Monday, June 25, 2012

@RobynLeatherman visits, answers #Author Q&A & has an #Autographed Copy of Summer Rain for 1 Lucky Person!

 Author Q&A and Autographed Print Copy Giveaway
Robyn Leatherman
What book(s) most influenced you as a writer?
My mother came home with a college textbook when I was young - Cultural Anthropology. That book made me interested in groups of people and what made them tick. In my teens, my cousin lent me a copy of Child of the Morning by Pauline Gedge. It's the historical novel that pushed me over the edge and made me want to write about things that had happened and shouldn't be forgotten.

What book do you read over and over again?
The Grapes of Wrath

Tuesday Trio-
1)      Movie- The Man in the Iron Mask
2)      Music- School Boy Humor
3)      Decadent Dessert- Pecan Pie with vanilla ice cream

What’s the most interesting or bizarre bit of trivia you’ve learned from researching for a novel?
This is going to sound odd, but when I researched to origin of barbed wire, I discovered it had been in use even before 1863, but because nobody had patented the concept, it didn't catch on at that time. In 1873, a type of "barbed" fencing caught the eye of a man by the name of Glidden; I wonder if his family developed the line of paint? (Maybe an idea for a future historical story there …) I have no idea why this has stuck in my mind, but here is the website for anyone else who wants to learn about it!

Barbed Wire Museum

Novel on your Nightstand:
Who/what are you currently reading?
I'm almost finished with Jenny Wingfield's advance reader's copy of The Homecoming of Samuel Lake; it's one of the best books I've read in a long time!

Whom would you cast as your Hero & Heroine if your book became a movie?
Tijer Lily Company is a Native American arts and entertainment film company that deals with not only the cast calls and media, but with props as well. She has access to a list of Native actors and actresses who would be perfect for the movie version of my book.

 Click Image to purchase on Amazon
Also available from

About the Book
Welcome to the life of a young Cherokee girl named Rain, as she grows into maturity just as the Trail of Tears begins. Summer Rain: Getsikahvda Anitsalagi (The Removal of the People) is an unforgettable story that taps into a sad part of American history.

This journey begins in Georgia in a typical Cherokee village in the early 1800s, where a young girl and her best friend realize there are strangers poised to take their land and home away from the Cherokee and from neighboring tribes.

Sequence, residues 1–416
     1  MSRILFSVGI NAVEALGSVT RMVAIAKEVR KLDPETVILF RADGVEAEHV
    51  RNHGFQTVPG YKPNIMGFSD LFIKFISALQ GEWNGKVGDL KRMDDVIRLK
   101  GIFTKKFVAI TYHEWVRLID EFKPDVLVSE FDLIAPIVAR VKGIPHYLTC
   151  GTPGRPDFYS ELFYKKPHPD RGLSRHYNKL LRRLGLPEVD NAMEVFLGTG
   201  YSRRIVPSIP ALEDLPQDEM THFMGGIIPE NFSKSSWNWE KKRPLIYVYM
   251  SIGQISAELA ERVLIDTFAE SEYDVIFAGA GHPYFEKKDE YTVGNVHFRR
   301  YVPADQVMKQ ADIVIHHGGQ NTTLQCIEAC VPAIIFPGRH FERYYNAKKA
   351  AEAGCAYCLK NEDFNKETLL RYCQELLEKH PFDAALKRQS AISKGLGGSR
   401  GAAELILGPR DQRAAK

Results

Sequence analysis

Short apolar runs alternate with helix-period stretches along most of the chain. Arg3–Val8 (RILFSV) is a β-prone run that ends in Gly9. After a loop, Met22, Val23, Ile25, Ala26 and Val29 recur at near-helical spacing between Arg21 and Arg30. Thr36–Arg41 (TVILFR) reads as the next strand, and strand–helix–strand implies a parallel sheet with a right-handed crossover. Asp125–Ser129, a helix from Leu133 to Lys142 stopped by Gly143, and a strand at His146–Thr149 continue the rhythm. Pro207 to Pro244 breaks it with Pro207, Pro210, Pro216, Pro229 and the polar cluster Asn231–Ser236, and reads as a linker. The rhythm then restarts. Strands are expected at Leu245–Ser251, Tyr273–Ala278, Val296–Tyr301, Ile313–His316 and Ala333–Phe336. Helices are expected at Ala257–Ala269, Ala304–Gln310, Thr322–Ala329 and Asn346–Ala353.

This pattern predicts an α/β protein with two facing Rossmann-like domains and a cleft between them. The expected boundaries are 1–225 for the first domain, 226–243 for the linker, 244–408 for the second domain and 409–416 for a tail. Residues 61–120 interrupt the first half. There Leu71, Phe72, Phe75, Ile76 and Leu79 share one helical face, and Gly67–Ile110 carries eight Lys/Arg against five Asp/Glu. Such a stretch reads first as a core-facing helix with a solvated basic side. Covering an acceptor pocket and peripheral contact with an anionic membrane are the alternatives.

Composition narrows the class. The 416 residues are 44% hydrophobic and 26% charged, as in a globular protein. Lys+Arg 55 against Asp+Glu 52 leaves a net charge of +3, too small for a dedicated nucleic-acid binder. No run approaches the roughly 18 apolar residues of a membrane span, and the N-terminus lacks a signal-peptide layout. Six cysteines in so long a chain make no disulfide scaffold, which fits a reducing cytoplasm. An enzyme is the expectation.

The girls witness the birth of the new written language of Tsalagi in the year 1821 and the printing press in the year 1827. The Cherokee Nation’s growth is also financial, and would mark the first newspaper to ever be printed and circulated by a Native American tribe.

Rain falls in love with a white boy and is forced to follow her heart and save her own life, or to remain loyal to her family, knowing that in doing so, she could lose not only her true love, but her very life as well.

The first 2 chapters of Summer Rain may be read on my website: Preface and First Two Chapters

To find out more about Robyn, her book and Cherokee Life

And don't forget to leave a comment (and you (at) email (dot) com) to say hi or ask a question so you can be entered to win a 
Summer Rain!
Comments must be posted before MIDNIGHT
Eastern Daylight Savings Time, Winner will be announced here
 and notified via email and then Robyn will be in touch as well
to get your contact info to send your book.

11 comments: said...

Taryn, I would like to say that it's been an honor to work with you; thank you for all the time you put into this interview and giveaway!

Taryn Raye said...

Glad to have you here! I'm hoping my internet connection won't be spotty today so I can stick with you and chat and I can spread the word via other social media.

Cherie Marks said...

Great interview. Robin, sounds like you love the research.

Ute Carbone said...

Lovely interview Robin. I love that there is a barbed wire museum.

Cheryl Norman said...

I took an anthropology course at U of Louisville and found it fascinating. I agree, it really broadens your views of others. We weren't allowed to use terms like "primitive." We described groups in terms of technological advancement.

Good interview!

Robyn Leatherman said...

Good morning, Cheri! Yes, the research is so much fun - there are days at a stretch when my actual writing time is just researching and organizing all of it into the proper folders.

Robyn Leatherman said...

Isn't that something, Ute? A barbed wire museum! Did you know there is even a museum in British Columbia that shows kitchen items from 1880? I'd love to visit!

Robyn Leatherman said...

Hi, Cheryl-Sounds like it was an intense course; it's fascinating how just one advancement in technology can facilitate a whole new era, isn't it?

Lindsay Kayser said...

Great interview!

Robyn Leatherman said...

Hi there, Lindsay - thanks for stopping by :)

Taryn Raye said...

Oh, Robyn! The museum with kitchen items from 1880 would be so neat to see!

Thanks so much to everyone who has stopped by so far today.